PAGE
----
Graduate ProgramsMFA in Production PhD in Media Studies MA in Media Studies MFA in Screenwriting

Contact:

Twitter Facebook Vimeo Flickr

 

RTF 386C - Reception Studies

INSTRUCTOR: Staiger

UNIVERSITY REGISTRAR (for course times & locations)

DESCRIPTION: We will begin our class with a brief survey of the various theories of media effects; I will posit four general causal hypotheses exist in the effects literatures of film and TV studies and mass-communication research. Then I will distinguish "effects" from the broader theoretical problems of "reception" of media that considers how people interpret and use media and media texts in their lives.  We will cover fans and fan behaviors; viewers of stars, cult media, and avant-garde; the importance of identities; the complications of violence, horror, and sexually explicit images; and the functions of memories.

We will read many of the canonical works on the reception of film, radio, television, and popular music.  For instance, I expect to include in part or total:  Martin Barker and Kate Brooks, Knowing Audiences; Daniel Cavicchi, Tramps Like Us; Michel De Certeau, The Practice of Everyday Life; Daniel Dayan and Elihu Katz, Media Events; Tia DeNora, Music in Everyday Life; Alexander Doty, Making Things Perfectly Queer; Susan Douglas, Listening In; Richard Dyer, Stars; Brett Farmer, Spectacular Passions; John Fiske; David Gauntlett, Moving Experiences; Torben Grodal, Moving Pictures; Henry Jenkins, Textual Poachers; Tamar Liebes and Elihu Katz, The Export of Meaning; David Morley, Family Television; Janice Radway, Reading the Romance; Murray Smith, Engaging Characters; Janet Staiger, Interpreting Films, Perverse Spectators, and Media Reception Studies; and numerous essays.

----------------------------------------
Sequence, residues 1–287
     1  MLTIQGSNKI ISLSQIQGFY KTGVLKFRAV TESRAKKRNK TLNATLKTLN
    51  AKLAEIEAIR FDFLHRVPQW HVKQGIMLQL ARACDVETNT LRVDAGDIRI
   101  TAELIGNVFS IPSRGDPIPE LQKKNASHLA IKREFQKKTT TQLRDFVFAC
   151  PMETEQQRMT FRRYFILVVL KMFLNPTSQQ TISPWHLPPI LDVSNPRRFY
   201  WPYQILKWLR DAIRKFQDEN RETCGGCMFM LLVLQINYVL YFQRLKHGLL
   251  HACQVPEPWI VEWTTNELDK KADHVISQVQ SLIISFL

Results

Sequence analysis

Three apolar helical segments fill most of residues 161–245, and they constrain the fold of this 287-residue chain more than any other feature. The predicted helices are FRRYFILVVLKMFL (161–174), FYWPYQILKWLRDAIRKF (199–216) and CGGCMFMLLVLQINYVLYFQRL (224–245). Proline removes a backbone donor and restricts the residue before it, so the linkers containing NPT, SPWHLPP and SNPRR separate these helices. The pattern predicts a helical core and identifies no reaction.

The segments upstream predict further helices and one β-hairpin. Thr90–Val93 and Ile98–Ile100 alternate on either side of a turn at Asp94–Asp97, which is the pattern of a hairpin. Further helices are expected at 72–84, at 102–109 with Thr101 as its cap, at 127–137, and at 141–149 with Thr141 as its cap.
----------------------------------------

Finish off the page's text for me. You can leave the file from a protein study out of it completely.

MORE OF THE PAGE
While this course is suitable for new (and advanced) graduate students in studies and it should be accessible to smart students in screen writing and production, it is not a course for people who hold the text sacred. We will be focusing on what people do with films, radio, and television, not necessarily what we as academic scholars might think they ought to do.

ADDITIONAL INFORMATION: